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Amnesty Vs. Justice: The Dirty War

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Rebekah Sheridan
12/16/15
Amnesty vs Justice

Ernest Hemingway once said, “Never think that war, no matter how necessary, nor how justified, is not a crime.” There has been many wars throughout history that innocent people or victims have suffered from. A well-known example is World War II, where the Jews or anyone who helped the Jews got tortured and killed in the concentration camps, because Adolf Hitler and the Nazis blamed Jews for everything like losing World War I and economic crisis the country faced. Hitler scapegoated them for the country’s issues and made them “pay” for it. In my opinion, this is the kind of war that are extremely inhumane and “dirty”. The Dirty War of Argentina and Chile was a very dark time in Latin American history.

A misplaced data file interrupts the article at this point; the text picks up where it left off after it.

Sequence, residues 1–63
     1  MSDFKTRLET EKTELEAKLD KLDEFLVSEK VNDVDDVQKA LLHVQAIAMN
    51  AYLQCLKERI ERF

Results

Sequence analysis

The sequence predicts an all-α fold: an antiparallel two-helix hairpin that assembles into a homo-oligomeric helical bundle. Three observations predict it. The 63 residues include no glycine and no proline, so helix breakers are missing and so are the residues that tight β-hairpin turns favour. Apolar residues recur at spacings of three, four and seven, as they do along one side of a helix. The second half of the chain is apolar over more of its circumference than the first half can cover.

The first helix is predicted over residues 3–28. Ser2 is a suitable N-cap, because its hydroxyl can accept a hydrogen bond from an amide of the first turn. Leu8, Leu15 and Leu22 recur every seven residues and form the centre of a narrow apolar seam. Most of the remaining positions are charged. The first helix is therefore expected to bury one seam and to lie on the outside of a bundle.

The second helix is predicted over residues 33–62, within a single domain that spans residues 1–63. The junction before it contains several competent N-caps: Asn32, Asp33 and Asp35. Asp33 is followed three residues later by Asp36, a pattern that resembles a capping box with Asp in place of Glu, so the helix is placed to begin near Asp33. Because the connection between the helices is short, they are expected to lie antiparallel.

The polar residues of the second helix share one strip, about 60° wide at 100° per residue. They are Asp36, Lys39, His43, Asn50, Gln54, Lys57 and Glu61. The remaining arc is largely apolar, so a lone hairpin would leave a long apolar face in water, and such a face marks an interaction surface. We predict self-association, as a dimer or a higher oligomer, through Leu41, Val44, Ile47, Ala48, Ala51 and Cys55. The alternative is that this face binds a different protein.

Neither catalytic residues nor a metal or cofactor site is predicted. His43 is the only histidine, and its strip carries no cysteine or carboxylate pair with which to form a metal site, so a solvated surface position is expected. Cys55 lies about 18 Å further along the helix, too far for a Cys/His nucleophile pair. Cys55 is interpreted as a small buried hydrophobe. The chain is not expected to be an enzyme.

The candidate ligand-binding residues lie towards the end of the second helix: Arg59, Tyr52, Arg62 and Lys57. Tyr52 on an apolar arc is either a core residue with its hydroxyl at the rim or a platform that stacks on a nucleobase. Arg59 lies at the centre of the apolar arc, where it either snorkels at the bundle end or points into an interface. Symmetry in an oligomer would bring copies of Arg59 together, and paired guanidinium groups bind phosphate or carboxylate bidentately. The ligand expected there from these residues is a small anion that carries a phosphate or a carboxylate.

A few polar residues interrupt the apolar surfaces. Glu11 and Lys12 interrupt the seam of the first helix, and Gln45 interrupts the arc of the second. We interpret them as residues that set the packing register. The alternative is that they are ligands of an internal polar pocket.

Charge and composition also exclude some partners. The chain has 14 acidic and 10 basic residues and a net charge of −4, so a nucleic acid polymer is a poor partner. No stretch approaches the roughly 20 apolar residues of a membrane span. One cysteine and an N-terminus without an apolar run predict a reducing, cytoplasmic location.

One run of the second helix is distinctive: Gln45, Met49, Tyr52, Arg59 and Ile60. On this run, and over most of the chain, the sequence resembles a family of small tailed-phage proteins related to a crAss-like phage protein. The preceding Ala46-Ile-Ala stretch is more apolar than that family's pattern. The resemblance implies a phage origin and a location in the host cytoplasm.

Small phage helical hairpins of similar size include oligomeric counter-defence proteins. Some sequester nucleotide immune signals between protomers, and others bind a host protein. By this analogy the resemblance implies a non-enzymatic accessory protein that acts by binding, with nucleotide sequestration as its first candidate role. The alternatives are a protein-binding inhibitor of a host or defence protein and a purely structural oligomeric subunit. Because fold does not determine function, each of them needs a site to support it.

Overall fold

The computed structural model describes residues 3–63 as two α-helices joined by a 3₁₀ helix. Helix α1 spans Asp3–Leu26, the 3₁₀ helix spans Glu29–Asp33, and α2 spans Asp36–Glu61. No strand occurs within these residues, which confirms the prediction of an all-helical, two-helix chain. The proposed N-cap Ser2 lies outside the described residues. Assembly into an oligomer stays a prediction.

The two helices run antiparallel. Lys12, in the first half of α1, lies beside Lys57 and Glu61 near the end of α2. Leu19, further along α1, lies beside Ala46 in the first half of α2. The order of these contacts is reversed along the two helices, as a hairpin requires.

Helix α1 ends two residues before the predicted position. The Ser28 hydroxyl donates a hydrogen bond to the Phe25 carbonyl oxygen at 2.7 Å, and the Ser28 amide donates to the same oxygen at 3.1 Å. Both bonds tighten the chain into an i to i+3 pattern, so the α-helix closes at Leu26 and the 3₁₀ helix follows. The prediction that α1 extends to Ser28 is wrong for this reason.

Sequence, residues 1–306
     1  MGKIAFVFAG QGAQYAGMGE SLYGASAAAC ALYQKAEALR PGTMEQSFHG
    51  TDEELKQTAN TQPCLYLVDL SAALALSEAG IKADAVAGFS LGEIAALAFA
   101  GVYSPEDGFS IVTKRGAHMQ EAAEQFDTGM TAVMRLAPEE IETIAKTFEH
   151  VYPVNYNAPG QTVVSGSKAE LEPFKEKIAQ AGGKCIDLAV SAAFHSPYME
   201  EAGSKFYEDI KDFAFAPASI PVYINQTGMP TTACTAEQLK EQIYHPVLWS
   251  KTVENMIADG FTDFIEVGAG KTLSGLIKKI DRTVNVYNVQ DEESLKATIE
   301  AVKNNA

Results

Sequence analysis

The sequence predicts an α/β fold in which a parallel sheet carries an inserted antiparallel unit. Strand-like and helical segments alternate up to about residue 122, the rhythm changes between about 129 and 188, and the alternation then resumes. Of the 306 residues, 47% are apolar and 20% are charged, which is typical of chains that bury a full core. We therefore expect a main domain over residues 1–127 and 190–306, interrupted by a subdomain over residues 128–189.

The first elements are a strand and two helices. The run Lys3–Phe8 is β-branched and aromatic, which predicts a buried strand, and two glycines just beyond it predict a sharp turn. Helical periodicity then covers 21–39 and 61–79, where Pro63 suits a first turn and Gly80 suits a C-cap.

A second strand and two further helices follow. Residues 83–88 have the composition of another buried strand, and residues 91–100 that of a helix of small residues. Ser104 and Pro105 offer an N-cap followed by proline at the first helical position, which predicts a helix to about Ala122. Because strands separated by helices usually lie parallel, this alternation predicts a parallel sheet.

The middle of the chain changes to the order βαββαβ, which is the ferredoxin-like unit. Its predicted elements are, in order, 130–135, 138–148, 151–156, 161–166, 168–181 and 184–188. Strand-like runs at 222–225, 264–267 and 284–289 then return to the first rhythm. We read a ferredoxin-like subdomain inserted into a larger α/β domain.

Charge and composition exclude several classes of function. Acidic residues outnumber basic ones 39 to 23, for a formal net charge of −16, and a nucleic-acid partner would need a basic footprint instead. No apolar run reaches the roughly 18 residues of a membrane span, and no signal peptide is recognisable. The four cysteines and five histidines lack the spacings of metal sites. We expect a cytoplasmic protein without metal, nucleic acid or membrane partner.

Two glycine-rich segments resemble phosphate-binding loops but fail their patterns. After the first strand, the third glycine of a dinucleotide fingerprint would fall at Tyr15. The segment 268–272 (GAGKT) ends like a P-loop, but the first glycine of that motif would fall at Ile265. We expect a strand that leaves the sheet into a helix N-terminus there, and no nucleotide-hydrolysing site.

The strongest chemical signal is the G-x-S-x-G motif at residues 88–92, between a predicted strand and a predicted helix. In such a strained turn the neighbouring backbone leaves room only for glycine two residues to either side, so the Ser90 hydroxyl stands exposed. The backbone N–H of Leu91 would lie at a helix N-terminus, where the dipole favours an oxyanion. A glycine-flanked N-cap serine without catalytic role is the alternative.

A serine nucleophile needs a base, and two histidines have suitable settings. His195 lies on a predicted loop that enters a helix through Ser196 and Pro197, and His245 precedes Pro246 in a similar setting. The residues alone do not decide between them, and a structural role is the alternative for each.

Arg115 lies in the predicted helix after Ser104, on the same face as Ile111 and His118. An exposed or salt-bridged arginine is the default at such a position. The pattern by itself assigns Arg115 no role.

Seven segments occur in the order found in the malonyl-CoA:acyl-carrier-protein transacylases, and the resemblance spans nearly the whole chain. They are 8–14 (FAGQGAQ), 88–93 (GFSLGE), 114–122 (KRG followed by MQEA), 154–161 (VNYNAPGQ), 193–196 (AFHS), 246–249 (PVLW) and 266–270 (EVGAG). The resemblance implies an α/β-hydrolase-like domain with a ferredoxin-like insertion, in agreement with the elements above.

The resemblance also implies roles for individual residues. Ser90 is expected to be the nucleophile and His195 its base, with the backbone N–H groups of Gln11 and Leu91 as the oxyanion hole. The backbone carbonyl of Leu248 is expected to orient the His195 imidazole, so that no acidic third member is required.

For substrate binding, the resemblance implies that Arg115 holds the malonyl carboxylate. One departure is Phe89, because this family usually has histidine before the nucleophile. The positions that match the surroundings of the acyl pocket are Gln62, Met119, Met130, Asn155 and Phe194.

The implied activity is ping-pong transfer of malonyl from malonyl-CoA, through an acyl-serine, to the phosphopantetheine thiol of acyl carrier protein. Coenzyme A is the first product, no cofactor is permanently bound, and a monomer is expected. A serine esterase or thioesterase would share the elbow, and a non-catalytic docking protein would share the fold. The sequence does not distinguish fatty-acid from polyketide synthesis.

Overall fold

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The tables turned after President Juan Peron died in July 1974 and his wife, Isabell Peron became the new President. She will always be reminisced by her tacit support of an anti-guerrilla death squad known as the Triple A (Argentine Anticommunist Alliance). This organization was secretly led by José López Rega, Minister of Social Welfare and personal secretary of Juan Perón. He opposed the Peronist left and other leftist organizations. The AAA acted against a wide range of government opponents, not just communists. The guerrillas responded to the Triple A's atrocities with their own campaign of terror, killing hundreds, including innocent bystanders. By 1976, Argentina seemed to be in its deepest state yet. Due to immense civil unrest and inflation running at 600 percent, the military stepped into politics yet again with public support. Little did people know that the worst was yet to come. On March 24, 1976 a military junta led by Gen Jorge Videla seized power on the country, in response to a period of political instability and growing violence. This made it easy for him to seize power due to the unstable condition of the country. The military's aim was to wipe out left-wing terrorism - but the terror carried out by the state exceeded anything previously seen in Argentina. Between 10,000 and 30,000 people were killed or disappeared before Argentina returned to civilian rule with the election of President Raul Alfonsin in October
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